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A South African's guide to moving to and making it in Malta: Lady Harriet's consternation

After she had dropped us off in the village of Tarxien, Lady Harriet called later that evening to offer her advice. "Marcus, I want to tell you something that I don't think any other Maltese person would tell you." If she had revealed that she had been sheltering Lord Lucan in her guest suite for the past thirty years, I could not have been more taken aback by her secret...
Formerly married to a member of the House of Lords, Lady Harriet is one of the island’s larger-than-life personalities and from one of Malta’s most important double-barrelled families. On first acquaintance, she proposed immediately going out for a drive. Does one say no to a member of the English aristocracy? Besides we had no plans for the afternoon so readily acquiesced to the suggestion as much to humour her eccentricity as for the opportunity to see more of the archipelago.

(c) Lenise Calleja -

Ensconced in her gleaming classic car, we visited wind-swept bays and coves on the island’s untrafficked North West coast and finally landed up at the Radisson Golden Sands for tea. The choice of venue was not inappropriate as it turns out, since the Queen and Prince Phillip stayed at the property during their last official visit to the island for the Commonwealth Heads of Government Meeting in 2015. (Viewers of season one of The Crown may recall that Malta is the only country in the world outside the UK where HRH has ever lived, which she did in the pre-coronation days of her marriage to Prince Philip who served in the Navy and was stationed on the islands).

Over tea, Lady Harriet regaled us with stories from her life which would have beggared Jeffrey Archer. I left wanting to write her biography – something I may yet do – especially since her husband’s diaries reveal a secret revisionist history of British 20th century statecraft.

After high tea in the North of the island, we were due for an evening third viewing on a bijou little double story on the piazza of Tarxien, a village in the South of the island. The property was opposite a band club (effectively a social club) so we were wary of noise levels and wanted to visit the location after dusk.

The neat little house had a history whose significance I misunderstood. One of Malta’s most famous prime ministers (in fact the only one from the twentieth century we had ever heard of before) was Dom Mintoff. In his pre-political days, it turns out he had been an architect and the Tarxien house was one of his early projects. I quite liked the bragging rights of owning a home by Malta’s most famous son. Our Maltese architect was less star-struck calling it an undistinguished build and had proposed dropping the structure to take advantage of the extraordinary location on the village square to construct something more interesting.

Despite having lived on the island for most of her life, Lady Harriet was unfamiliar with the town and was discomfited about having to navigate her way out of the village after dropping us off.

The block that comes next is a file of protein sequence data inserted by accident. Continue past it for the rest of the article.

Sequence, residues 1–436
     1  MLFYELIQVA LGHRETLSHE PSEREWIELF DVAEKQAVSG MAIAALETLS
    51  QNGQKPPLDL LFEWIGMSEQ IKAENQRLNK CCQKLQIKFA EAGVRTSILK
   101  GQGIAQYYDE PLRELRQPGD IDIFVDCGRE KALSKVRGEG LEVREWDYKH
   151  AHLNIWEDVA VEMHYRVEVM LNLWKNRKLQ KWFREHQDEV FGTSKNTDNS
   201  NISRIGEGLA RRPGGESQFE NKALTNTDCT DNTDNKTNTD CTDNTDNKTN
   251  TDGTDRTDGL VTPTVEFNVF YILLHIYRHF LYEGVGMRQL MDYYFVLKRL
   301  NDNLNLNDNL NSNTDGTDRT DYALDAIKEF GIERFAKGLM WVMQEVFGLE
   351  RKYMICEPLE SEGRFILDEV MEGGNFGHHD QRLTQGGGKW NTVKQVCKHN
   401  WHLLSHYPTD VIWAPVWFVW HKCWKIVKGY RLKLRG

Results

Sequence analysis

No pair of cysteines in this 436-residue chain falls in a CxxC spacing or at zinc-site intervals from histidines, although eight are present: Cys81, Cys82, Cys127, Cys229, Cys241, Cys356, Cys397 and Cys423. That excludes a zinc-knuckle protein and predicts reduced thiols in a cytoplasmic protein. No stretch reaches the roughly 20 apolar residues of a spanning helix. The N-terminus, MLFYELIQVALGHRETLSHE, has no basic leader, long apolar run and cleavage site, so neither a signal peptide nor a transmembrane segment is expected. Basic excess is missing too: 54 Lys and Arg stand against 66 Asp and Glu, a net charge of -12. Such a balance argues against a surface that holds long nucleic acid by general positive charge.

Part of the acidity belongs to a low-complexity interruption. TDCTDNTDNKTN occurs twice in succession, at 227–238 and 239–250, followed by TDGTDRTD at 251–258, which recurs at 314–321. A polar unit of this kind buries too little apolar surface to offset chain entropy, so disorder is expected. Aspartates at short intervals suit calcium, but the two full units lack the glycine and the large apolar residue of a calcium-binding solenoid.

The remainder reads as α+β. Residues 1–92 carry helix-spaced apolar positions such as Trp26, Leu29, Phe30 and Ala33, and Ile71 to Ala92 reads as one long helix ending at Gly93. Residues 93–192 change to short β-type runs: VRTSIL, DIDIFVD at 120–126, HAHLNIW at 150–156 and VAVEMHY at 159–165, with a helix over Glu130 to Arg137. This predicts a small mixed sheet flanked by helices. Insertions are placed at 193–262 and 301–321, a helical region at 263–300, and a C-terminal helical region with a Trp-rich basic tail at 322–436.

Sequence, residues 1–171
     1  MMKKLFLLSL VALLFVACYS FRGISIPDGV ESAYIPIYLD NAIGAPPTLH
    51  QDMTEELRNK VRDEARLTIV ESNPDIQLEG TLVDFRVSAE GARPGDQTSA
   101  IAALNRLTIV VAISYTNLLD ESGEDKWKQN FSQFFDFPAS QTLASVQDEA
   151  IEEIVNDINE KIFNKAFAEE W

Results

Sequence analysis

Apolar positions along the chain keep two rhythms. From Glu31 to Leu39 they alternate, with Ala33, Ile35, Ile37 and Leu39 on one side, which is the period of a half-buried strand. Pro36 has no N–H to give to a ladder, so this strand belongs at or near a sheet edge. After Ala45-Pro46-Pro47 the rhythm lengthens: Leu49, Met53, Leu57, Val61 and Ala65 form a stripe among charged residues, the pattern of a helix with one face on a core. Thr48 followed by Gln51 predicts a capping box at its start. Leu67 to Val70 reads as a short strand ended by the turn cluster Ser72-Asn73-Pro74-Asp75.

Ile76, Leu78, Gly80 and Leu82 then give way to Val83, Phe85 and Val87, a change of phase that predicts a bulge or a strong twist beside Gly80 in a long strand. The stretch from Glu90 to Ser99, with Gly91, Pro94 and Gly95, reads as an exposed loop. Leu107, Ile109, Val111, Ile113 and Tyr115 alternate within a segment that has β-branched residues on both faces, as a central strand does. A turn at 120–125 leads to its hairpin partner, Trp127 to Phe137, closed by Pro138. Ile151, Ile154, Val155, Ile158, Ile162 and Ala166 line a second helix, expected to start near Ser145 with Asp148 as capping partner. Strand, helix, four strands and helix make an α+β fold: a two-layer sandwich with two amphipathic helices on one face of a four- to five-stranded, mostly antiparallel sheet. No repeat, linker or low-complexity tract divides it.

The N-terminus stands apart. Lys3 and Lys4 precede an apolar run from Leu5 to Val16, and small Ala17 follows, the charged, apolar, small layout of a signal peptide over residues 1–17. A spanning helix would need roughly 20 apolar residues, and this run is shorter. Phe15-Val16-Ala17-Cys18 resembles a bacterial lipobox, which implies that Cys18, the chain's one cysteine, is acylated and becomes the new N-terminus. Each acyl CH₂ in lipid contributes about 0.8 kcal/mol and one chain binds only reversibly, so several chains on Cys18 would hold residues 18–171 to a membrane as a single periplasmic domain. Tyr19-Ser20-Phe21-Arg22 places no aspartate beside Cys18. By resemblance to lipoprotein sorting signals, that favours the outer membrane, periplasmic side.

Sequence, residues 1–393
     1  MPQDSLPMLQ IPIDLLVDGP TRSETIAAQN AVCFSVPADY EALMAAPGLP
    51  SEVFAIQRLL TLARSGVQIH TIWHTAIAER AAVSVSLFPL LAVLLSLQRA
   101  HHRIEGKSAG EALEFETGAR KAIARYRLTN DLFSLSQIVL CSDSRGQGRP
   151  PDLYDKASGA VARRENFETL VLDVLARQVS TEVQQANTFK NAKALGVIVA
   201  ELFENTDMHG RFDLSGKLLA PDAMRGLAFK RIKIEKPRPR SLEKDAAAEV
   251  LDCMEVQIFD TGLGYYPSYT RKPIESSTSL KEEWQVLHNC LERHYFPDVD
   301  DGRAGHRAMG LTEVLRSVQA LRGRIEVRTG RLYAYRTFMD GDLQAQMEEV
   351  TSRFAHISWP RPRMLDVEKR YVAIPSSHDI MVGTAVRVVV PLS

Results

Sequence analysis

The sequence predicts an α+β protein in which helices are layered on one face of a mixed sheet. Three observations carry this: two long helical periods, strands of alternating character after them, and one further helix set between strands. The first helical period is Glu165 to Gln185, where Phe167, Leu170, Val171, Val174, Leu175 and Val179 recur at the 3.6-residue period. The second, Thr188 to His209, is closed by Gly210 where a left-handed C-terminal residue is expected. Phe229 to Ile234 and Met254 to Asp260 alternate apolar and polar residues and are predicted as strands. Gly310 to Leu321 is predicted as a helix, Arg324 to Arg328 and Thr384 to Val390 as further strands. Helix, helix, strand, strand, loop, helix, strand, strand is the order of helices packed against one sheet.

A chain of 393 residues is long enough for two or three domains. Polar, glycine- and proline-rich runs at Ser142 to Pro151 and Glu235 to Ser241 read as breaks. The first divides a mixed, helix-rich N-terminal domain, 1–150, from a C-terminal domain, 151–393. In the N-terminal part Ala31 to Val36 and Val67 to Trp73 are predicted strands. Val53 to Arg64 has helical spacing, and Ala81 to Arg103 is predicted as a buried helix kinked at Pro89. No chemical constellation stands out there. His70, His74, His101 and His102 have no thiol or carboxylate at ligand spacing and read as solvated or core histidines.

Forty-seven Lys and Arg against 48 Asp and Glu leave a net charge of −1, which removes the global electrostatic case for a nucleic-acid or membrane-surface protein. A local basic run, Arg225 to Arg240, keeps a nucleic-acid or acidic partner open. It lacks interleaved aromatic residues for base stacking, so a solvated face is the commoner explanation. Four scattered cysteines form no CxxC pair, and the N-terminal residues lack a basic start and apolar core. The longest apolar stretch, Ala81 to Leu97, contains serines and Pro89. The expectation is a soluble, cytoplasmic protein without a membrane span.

When she called later that evening, she revealed the secret: she had never been to Tarxien in her life because it was Mintoff’s hometown. Mintoff’s Labour government had been very hard on her family – he was persona non grata to her – and she would find it very difficult to ever visit us if we landed up purchasing property in Tarxien.

I thought about Lady Harriet and how political discrimination had coloured her world view, when the latest European Commission survey was published this year. In it, the Maltese are the most likely EU citizens to complain about harassment or discrimination based on their political opinions.

The survey, which was partly about fairness and inequality, found that 2% of all EU citizens mentioned political harassment or discrimination. In Malta, however, that figure stood at 8%.

Respondents were also asked to rank the most important factors for getting ahead in life. In the EU, being in good health topped the list (48%), followed by good education (33%), hard work (27%), knowing the right people (22%) and being lucky (21%).

As for Malta, the most striking finding was that only 17% believed that working hard would affect their chance of getting ahead in life. The figure is slightly below the 20% who said that knowing the right people in Malta is a crucial factor.


A South African's guide to moving to and making it in Malta: The culture of connection

Valletta, the baroque cityscape on the island fortress of Malta, is making global headlines this month - indeed this year - as it assumes the mantle of European Capital of Culture 2018. Last year, after having fallen in love with this little corner of the Mediterranean, I relocated to the archipelago for a sabbatical to take a front row seat for the programme of the next 12 months...

By Marcus 'The Maltese Falcon' Brewster 19 Jan 2018

However, when the interviewers were more specific and asked if having political connections was crucial, 9% replied in the affirmative, which was 1% below the EU average.
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About Marcus 'The Maltese Falcon' Brewster

marcusbrewster is a brand synonymous with PR excellence in SA. An industry innovator, leader, and inspiration, Brewster affiliated his multi-award winning boutique firm with larger Level 1 BBBEE marketing/comms agency MediaRevolution for scale in 2016 and went on to launch Marcus Brewster International in Europe the following year. Marcus currently lives on - and actively promotes - the Mediterranean island of Malta. For African, S. African and European PR enquiries, contact or WhatsApp on (+356) 9931 3322